Asia-Pacific markets trade lower; China keeps LPR steady

Oil prices fall as China faces Covid concerns, Goldman Sachs cuts forecast

Oil prices fell by nearly a dollar as concerns about Covid in China increased with the country seeing its first recorded virus-related deaths since May of this year.

Brent Crude Oil Futures fell less than a dollar, or 0.9%, to stand at $86.83 a barrel and West Texas Intermediate USA Futures contracts fell 1.09% to $79.21 a barrel.

Goldman Sachs has cut its Brent oil price forecast from $10 to $100 a barrel for the fourth quarter of 2022, citing a drop in Chinese demand due to rising Covid-19 concerns and insufficient information on the oil market. the latest oil price ceiling of the Group of 7 for Russian oil.

“We believe the market has a right to worry about fundamentals going forward,” said economists led by Jeffrey Currie, adding that the likelihood of a further China shutdown equates to the latest OPEC+ production cuts.

— Ly Ung Son

Hong Kong dynamics: Reopening and tech shares fall as China reports Covid-related deaths

Japanese traders rise as Berkshire Hathaway reportedly raises stakes

Shares of several Japanese trading companies rose in early Asian trading, despite a pullback in regional markets, after billionaire Warren Buffett’s Berkshire Hathaway increased its stake in stocks. company, according to personal legal records.

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Berkshire increased its stake by more than 1 percentage point in Mitsubishi, Mitsui & Co, Itochu, Marubeni and Sumitomo to hold more than 6% in each company, the filings show.

Shares of Japan-listed Mitsubishi rose 1.89% in morning trading, Marubeni gained 2.12% and Sumitomo gained more than 1%. Itochu also gained 0.84% ​​and Mitsui inched 0.16% higher.

This comes days after Berkshire Hathaway revealed that it had increased its holdings of US custody receipts by Taiwan Semiconductor Manufacturing Company, prompting the company’s Taiwan-listed shares. up more than 10% in the Asian session.

— Jihye Lee

China keeps the prime lending rate unchanged as expected

China kept its lending prime rate unchanged for the third consecutive month, according to an announcement from the People’s Bank of China.

The announcement said the base rate for the one-year loan was stable at 3.65% and the 5-year rate was also kept at 4.3%.

— Abigail Ng

Korea’s exports continue to decline in the first 20 days of November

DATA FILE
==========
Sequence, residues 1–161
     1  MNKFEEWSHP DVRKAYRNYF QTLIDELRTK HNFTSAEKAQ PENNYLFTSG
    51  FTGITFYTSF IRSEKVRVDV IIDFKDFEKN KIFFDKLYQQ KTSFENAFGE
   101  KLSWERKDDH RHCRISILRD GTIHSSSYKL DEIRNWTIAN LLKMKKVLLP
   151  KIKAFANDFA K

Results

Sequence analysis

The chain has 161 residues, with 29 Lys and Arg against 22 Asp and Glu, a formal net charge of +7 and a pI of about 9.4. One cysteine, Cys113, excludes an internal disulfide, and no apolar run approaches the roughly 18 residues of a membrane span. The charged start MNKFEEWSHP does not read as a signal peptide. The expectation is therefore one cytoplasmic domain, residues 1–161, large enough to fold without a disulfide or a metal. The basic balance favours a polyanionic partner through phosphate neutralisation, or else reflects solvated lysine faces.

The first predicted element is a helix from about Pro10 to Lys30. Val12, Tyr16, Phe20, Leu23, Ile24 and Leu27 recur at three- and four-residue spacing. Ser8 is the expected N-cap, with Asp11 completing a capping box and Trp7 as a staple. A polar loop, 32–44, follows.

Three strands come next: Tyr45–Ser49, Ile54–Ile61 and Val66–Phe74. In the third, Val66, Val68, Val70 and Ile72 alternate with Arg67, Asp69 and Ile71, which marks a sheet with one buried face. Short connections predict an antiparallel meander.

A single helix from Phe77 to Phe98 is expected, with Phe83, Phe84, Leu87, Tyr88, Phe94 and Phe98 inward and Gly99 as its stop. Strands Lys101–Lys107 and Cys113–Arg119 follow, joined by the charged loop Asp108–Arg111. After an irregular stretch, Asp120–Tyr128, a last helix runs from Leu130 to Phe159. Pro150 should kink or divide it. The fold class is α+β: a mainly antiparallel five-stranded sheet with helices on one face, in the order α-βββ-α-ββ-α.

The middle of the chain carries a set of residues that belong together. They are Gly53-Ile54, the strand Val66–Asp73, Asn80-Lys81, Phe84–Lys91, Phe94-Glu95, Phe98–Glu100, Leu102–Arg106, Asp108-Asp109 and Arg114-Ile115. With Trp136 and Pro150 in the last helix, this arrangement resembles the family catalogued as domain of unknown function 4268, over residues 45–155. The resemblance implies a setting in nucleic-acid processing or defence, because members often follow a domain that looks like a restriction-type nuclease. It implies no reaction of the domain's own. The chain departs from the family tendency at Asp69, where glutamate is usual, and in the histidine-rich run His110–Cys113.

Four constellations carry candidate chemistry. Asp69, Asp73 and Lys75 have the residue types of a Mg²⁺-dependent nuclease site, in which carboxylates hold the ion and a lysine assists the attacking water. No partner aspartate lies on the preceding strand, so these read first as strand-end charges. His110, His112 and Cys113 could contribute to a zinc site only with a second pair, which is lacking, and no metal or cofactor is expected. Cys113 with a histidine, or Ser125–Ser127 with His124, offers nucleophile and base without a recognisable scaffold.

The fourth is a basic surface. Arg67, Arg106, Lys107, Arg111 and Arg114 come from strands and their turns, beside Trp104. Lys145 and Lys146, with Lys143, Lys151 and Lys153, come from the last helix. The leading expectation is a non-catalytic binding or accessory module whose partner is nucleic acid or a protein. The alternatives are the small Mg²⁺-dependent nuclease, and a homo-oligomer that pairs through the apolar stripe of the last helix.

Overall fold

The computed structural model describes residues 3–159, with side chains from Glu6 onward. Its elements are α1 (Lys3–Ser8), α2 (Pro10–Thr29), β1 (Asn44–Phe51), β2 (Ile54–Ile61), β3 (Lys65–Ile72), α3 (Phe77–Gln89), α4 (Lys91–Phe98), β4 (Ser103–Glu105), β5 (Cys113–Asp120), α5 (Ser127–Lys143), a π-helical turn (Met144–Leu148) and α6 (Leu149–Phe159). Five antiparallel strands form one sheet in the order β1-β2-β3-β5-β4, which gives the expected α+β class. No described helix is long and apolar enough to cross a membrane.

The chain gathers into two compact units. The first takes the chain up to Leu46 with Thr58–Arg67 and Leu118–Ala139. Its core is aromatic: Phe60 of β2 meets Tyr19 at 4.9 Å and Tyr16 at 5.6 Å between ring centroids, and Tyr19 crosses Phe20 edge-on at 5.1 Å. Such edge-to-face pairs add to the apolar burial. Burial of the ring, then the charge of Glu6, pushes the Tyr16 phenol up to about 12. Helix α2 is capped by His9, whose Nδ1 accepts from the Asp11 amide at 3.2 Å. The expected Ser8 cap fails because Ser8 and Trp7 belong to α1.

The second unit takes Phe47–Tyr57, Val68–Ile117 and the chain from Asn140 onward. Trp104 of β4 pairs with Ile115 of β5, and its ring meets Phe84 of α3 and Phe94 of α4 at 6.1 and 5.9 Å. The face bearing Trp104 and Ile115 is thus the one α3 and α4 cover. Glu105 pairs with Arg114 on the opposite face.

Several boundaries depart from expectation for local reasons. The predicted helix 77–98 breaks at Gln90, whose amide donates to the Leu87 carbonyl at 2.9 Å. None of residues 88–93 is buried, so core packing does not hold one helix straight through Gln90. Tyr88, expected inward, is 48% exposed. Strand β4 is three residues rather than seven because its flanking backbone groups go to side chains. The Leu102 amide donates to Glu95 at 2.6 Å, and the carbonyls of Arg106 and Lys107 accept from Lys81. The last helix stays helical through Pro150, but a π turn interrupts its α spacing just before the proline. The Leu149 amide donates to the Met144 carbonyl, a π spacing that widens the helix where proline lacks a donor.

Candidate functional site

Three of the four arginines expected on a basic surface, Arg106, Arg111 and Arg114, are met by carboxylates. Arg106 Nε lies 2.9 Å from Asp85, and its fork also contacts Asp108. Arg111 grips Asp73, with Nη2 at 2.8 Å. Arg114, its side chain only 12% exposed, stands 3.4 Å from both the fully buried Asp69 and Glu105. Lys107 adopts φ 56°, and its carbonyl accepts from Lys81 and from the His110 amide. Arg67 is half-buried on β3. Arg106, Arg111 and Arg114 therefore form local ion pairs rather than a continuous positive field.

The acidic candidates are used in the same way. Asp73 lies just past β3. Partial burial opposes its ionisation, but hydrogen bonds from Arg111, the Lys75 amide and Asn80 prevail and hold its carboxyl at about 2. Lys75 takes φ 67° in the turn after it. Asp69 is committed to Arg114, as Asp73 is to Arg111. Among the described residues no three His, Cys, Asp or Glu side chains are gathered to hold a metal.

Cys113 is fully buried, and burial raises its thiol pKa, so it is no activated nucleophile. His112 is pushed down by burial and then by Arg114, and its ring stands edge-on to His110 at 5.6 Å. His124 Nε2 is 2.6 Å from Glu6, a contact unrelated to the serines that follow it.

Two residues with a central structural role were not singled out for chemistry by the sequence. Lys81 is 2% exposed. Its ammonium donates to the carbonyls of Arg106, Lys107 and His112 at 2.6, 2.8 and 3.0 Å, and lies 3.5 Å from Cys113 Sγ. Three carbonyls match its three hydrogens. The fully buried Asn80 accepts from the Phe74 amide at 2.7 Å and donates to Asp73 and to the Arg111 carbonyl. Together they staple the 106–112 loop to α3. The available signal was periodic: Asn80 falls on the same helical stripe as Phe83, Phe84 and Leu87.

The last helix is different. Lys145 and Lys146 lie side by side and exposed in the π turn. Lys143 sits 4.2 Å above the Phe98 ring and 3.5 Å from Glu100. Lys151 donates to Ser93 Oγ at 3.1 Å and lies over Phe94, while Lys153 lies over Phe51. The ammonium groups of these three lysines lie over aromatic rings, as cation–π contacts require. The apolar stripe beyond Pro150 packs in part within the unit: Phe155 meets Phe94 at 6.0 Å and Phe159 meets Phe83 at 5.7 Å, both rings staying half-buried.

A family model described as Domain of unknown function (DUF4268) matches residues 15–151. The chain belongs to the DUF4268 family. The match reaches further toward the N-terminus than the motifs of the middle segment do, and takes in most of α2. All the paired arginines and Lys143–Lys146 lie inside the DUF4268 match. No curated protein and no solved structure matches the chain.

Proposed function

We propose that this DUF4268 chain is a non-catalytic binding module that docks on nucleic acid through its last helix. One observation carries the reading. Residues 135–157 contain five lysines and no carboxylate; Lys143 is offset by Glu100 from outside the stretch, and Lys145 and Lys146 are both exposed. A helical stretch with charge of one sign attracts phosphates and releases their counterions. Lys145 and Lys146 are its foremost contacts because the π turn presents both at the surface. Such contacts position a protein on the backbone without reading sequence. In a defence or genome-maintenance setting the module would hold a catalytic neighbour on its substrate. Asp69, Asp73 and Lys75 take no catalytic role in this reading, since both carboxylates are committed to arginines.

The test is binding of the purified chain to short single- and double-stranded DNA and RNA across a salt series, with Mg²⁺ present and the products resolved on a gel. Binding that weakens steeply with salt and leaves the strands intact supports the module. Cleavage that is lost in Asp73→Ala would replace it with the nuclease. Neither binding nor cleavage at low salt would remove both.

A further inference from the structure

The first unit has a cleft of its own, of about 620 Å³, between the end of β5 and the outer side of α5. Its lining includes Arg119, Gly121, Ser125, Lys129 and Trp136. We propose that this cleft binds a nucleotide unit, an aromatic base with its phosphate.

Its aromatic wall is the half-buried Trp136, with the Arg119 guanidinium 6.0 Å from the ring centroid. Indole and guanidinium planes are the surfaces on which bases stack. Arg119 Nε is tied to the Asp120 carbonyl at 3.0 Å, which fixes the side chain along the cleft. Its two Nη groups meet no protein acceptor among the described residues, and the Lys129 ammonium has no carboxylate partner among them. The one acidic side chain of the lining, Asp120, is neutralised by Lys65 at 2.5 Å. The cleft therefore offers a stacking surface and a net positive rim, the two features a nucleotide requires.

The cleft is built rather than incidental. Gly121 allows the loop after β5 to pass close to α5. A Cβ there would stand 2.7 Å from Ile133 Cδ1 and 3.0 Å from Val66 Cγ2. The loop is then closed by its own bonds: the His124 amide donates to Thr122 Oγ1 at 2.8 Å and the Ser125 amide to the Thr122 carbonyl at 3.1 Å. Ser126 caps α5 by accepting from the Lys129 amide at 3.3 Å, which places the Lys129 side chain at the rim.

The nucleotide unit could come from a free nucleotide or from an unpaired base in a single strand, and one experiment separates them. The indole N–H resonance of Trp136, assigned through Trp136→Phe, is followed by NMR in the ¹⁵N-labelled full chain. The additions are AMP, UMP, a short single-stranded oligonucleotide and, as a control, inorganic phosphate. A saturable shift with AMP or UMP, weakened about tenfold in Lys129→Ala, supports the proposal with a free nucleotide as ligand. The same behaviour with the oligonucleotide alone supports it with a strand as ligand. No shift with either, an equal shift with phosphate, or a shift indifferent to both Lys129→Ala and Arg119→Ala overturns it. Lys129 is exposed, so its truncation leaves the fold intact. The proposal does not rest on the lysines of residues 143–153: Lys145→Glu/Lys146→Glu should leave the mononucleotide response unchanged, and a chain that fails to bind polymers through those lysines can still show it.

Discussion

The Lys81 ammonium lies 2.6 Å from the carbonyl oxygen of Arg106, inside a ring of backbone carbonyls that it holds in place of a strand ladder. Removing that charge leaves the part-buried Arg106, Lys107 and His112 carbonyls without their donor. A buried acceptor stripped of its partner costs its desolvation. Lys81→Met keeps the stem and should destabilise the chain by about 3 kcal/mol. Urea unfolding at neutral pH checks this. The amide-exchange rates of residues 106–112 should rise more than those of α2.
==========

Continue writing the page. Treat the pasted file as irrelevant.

According to data from the customs authority, South Korea’s exports in the first 20 days of November fell 16.7 percent year-on-year due to falling demand from China.

The drop in exports was a sharp drop from the 5.5% drop in October year-on-year.

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Imports also fell 5.5% in the first 20 days of November, resulting in a slightly improved trade deficit – $4.4 billion for the period, compared with a $4.9 billion deficit reported in October.

Vietnam has recorded a total trade deficit of $40 billion so far this year, statistics from the agency show.

— Jihye Lee

CNBC Pro: Morgan Stanley’s Mike Wilson predicts S&P 500 bottom, calls it ‘great buying opportunity’

We’re in the “final stages” of a bear market, but the situation will remain challenging for some time, said Mike Wilson, director of US Equity Strategy at Morgan Stanley.

He predicts when — and to what extent — the S&P 500 will hit a “new low.”

CNBC Pro subscribers can read more here.

— Wei Zhen Tan

Reuters poll says China expected to keep key lending rate steady

China’s central bank is expected to leave its one-year and five-year loan prime rates unchanged, according to analysts polled by Reuters.

The one-year rate is currently at 3.65% and the 5-year LPR is at 4.3%.

The People’s Bank of China last cut both rates in August.

China’s offshore yuan was weaker at 7.1376 against the US dollar ahead of the decision early Monday.

— Abigail Ng

CNBC Pro: Strategist says Chinese tech stocks, like Alibaba, are ‘undervalued’

The value of China’s Big Tech stocks is down 30% this year, such as alibabamaking them “unbelievably cheap,” according to investment bank China Renaissance.

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Its head of securities, Andrew Maynard, not only believes the stock market appears to have bottomed out, but thinks investors could miss out on a rally if they continue to look down on China. Country.

“There is no doubt that China being underweight will cost you dearly in the future,” Maynard said.

CNBC Pro subscribers can read more here.

— Ganesh Rao

Markets are watching for more clues about next week’s Fed rate hikes and the economy

Investors may be a little more cautious next week, with equities looking for direction in quiet trading and bond markets warning of a bigger recession.

The Thanksgiving holiday on Thursday means markets are likely to be quiet on Wednesday and Friday. Merchants will be monitoring Black Friday shopping reports for consumer feedback.

“This has really been a week where data reliance was the key phrase,” said Julian Emanuel, senior managing director of Evercore ISI. “Benevolence [for stocks] higher unless the data continues to deteriorate and the Fed remains hawkish… which has clearly strengthened over the last 48 hours.”

Check out our full insight into what’s to come next week here.

— Patti Domm, Tanaya Macheel

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